"They found that wasn't a great way to make money," Dr. Fou told me. "Even if the human bought a $2,000 TV, the revenue share from the affiliate cookie would only give them a small percentage, like 5% or something. This didn't scale very well, so hackers moved on from relying on humans to developing more sophisticated bots that can click on ads themselves."

These new websites are designed to show search ads and then self-click on them to siphon CPC revenue.

Hackers target the biggest PPC spenders.

How do the bad guys choose which search ads to run on their sites? To get the most bang for their buck, of course the bad guys are going to go after the industries and companies that spend the most on PPC advertising. According to Dr. Fou, this includes insurance companies (they spend between $60-80 per click) and retailers (they spend between $20-60 per click).

Hackers send bots to their pages.

Hackers send their bots to their own fake sites. The bots then type in high-value keywords to cause the paid search ads to appear. Then, those same bots click on the ads. The advertisers pay for each click they receive on these ads, so hackers pocket the profit.

That's it for the basics of click fraud.

How Is the Industry Fighting This?

There are a number of tools available that ad exchanges and agencies use to detect fraud and start the mitigation process. When the ad exchange is able to detect that a website is fake, they add that website to a blacklist. When a website is on a blacklist, the ad exchange filters it and doesn't run ads on that website.

But Dr. Fou says the problem is that the fight against digital ad fraud depends on the reliability of these huge blacklists and how often they're updated. As soon as the bad guys become aware that their sites aren't making money anymore, they shut them down, "spin up" new sites, and continue the fraud. So, while blacklists are part of the solution, they are easily and quickly outwitted.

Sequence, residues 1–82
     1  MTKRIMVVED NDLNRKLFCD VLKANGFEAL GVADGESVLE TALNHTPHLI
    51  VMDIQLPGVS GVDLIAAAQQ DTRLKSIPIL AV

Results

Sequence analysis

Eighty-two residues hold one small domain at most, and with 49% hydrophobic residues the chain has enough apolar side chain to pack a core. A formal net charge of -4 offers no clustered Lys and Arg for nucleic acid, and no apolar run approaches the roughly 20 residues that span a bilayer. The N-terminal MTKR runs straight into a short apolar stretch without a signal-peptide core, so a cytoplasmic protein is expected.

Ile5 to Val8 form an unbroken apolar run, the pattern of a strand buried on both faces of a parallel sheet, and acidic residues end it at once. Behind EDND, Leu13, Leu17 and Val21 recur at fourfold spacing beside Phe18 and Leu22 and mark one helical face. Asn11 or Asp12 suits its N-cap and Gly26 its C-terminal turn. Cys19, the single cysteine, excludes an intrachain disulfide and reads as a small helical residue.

What's a Marketer To Do?

"[The ANA] study puts a stake in the ground," ANA President Bob Liodice told the Wall Street Journal. "It's a wake-up call for marketers to pay attention." So what's a marketer to do about it?

Dr. Fou suggests asking your media agencies for detailed reports on ad spend and activities, while simultaneously putting technologies or mechanisms in place to independently verify those numbers.

The adoption of inbound marketing is another, longer term way to fight fraud, says Dr. Fou. "As more clients focus on and evolve with inbound marketing, they'll begin asking their agencies questions like 'Did a human actually take an action here?' They'll insist their agencies think about the subsequent actions after that impression or that click: that the impression or click turned into a purchase, or at least a step toward a purchase. Once businesses focus on those metrics, as opposed to the number of ads served, we can optimize for fewer ads and more human interactions -- which is a good thing."

Learn Inbound Marketing over the weekend.